ssh [email protected]$REMOTE_HOST "docker load -i $ABS_REMOTE_IMAGE && rm -rf $ABS_REMOTE_IMAGE"

And just do.

./dockerc minio/minio:edge


If you wish to run more commands apart of docker load (in my case I’m using kubernetes kind) you just keep adding more after the &&, ie:

docker load -i $ABS_REMOTE_IMAGE && kind load docker-image $1 && rm -rf $ABS_REMOTE_IMAGE

Happy Hacking 🙂

CTF OverTheWire: Natas10

Continuing with the CTF Natas series, now is the turn for natas10

Natas Level 9 → Level 10
Username: natas10

Using the flag obtained in the previous challenge, we go to the URL showed in the description and we will see the following screen.

It’s a simple web page with a basic input form, very similar to the previous one but they have added a character filter, we proceed to click the View sourcecode and we are redirected to index-source.html

This is supposed to be the backend code of the html form.

$key = "";

if(array_key_exists("needle", $_REQUEST)) {
    $key = $_REQUEST["needle"];

if($key != "") {
    if(preg_match('/[;|&]/',$key)) {
        print "Input contains an illegal character!";
    } else {
        passthru("grep -i $key dictionary.txt");

The preg_match(‘/[;|&]/’,$key) function will make sure to drop any search request that contains the ; or & characters so we cannot execute additional commands like we did on the previous level, but instead of trying to bypass this filter there is an easier way to solve this level, the grep command supports search for a pattern in multiple files so we are going to exploit that, the goal is to execute something like this:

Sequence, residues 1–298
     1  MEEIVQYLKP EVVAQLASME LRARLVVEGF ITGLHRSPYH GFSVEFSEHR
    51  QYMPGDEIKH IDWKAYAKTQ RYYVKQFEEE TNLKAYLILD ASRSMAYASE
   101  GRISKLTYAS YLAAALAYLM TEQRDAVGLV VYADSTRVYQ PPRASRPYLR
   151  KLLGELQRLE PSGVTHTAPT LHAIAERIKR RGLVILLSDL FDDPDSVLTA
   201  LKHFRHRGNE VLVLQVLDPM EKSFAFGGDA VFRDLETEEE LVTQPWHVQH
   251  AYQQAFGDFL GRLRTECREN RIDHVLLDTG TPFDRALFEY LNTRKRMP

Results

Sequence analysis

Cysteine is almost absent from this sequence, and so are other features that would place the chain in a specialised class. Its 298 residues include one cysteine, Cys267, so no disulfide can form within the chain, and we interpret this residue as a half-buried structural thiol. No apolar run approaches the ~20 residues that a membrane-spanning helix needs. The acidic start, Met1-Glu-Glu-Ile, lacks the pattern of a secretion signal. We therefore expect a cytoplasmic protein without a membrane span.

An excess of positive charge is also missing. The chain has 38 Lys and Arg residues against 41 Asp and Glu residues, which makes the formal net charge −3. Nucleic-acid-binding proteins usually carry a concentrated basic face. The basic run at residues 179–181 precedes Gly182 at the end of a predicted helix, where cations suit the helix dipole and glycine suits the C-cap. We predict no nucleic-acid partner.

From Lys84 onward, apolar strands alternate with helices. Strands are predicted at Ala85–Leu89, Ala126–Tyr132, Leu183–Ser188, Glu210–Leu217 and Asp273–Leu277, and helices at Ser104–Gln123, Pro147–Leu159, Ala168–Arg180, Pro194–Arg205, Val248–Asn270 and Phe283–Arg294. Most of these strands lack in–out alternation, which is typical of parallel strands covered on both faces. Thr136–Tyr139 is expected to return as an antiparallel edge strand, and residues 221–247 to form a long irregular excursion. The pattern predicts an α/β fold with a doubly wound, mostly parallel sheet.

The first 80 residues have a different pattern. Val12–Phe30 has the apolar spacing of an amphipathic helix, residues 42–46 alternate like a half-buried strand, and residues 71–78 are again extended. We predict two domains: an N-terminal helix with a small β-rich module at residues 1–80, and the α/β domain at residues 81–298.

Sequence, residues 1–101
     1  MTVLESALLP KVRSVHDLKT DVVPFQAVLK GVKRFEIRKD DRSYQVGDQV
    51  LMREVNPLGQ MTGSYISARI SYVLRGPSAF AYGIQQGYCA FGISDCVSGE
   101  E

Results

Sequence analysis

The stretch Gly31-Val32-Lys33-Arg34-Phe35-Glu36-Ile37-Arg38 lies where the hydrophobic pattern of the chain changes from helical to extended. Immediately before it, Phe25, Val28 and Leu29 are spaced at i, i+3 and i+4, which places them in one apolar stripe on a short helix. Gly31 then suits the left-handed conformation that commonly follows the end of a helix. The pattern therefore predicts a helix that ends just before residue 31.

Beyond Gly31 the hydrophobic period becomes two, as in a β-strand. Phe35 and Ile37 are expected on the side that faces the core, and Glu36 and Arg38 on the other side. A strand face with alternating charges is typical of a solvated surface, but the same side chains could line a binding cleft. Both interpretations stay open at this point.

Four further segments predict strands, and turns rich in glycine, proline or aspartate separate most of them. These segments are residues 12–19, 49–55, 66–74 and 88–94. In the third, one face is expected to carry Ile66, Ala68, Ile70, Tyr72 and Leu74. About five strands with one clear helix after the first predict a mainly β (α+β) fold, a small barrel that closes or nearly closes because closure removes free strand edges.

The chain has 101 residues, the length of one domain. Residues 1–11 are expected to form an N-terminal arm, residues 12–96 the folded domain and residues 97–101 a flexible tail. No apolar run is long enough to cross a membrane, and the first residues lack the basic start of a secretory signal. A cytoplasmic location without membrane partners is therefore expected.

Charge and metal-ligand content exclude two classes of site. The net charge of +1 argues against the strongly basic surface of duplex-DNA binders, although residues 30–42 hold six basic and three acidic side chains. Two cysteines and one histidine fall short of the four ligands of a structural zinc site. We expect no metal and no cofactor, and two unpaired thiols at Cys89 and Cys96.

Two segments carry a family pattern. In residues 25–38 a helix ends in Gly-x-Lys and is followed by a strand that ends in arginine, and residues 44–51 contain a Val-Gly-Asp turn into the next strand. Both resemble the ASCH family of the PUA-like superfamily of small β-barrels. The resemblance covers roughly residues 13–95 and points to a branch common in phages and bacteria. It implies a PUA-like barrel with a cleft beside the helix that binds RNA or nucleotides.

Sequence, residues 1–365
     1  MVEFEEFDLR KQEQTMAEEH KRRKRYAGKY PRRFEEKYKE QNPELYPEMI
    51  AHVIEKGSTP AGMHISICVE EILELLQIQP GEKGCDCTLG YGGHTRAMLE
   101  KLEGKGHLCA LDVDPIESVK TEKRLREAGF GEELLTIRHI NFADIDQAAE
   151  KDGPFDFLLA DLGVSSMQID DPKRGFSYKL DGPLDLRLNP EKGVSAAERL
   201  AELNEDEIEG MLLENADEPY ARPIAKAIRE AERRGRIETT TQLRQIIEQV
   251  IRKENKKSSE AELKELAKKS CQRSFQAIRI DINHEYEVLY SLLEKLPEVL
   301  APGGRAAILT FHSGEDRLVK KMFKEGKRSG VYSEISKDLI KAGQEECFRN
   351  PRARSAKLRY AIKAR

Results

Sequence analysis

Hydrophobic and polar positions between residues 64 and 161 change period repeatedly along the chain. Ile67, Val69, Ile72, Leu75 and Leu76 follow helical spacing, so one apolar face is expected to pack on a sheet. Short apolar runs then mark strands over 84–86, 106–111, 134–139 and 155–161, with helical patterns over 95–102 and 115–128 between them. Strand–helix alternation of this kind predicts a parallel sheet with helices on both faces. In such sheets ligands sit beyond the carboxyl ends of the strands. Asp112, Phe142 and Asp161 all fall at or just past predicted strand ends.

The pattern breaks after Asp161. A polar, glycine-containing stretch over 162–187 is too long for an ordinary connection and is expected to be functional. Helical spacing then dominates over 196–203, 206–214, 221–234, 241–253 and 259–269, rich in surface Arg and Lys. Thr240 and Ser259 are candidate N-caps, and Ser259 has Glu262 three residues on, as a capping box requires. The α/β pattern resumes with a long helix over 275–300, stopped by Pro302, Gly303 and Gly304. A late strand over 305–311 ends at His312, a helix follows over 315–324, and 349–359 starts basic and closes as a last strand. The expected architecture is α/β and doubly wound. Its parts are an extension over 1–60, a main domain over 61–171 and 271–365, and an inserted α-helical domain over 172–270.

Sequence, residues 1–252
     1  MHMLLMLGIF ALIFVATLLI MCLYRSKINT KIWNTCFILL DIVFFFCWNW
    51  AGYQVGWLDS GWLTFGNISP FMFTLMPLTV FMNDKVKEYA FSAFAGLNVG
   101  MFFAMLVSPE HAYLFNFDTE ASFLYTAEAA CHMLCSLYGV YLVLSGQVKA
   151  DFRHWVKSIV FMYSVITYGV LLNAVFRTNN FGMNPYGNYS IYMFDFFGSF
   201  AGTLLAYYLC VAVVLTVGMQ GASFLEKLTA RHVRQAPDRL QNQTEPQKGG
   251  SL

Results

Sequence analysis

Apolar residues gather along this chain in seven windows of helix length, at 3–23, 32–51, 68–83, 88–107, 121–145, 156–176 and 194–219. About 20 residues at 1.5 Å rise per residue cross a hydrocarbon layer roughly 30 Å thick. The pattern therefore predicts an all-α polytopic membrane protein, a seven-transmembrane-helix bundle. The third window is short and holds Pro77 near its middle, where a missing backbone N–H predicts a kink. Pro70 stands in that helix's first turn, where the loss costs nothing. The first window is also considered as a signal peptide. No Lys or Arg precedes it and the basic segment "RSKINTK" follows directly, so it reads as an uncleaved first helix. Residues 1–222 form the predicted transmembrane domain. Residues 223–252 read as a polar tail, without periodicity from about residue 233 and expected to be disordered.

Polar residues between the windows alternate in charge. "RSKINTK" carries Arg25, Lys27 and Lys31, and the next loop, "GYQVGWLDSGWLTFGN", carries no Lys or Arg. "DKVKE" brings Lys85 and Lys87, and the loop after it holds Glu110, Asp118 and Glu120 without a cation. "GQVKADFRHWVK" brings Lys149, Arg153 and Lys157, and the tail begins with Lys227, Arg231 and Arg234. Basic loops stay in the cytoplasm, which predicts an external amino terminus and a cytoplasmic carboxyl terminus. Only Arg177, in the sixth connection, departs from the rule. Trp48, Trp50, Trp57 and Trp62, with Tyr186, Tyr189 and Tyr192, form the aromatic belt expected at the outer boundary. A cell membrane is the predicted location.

grep -i '' /etc/natas_webpass/natas11 dictionary.txt 

Since ” /etc/natas_webpass/natas11 doesn’t contains any of the filtered characters we can just send this payload through the form.

The flag for the next level, natas11, is: U82q5TCMMQ9xuFoI3dYX61s7OZD9JKoK

In this challenge we exploit a command injection vulnerability that essentially allow us to execute arbitrary commands on the server, this time there was a security mechanism in place but the fundamental problem was still there. Depending on the privileges of the user running the web server we might read, write or delete files.

Happy hacking 🙂

CTF OverTheWire: Natas9

Continuing with the CTF Natas series, now is the turn for natas9

Natas Level 8 → Level 9
Username: natas9

Using the flag obtained in the previous challenge, we go to the URL showed in the description and we will see the following screen.

It’s just a simple web page with a basic input form, if we type nonsense nothing happens, we proceed to click the View sourcecode and we are redirected to index-source.html

This is supposed to be the backend code of the html form.

$key = "";

if(array_key_exists("needle", $_REQUEST)) {
    $key = $_REQUEST["needle"];

if($key != "") {
    passthru("grep -i $key dictionary.txt");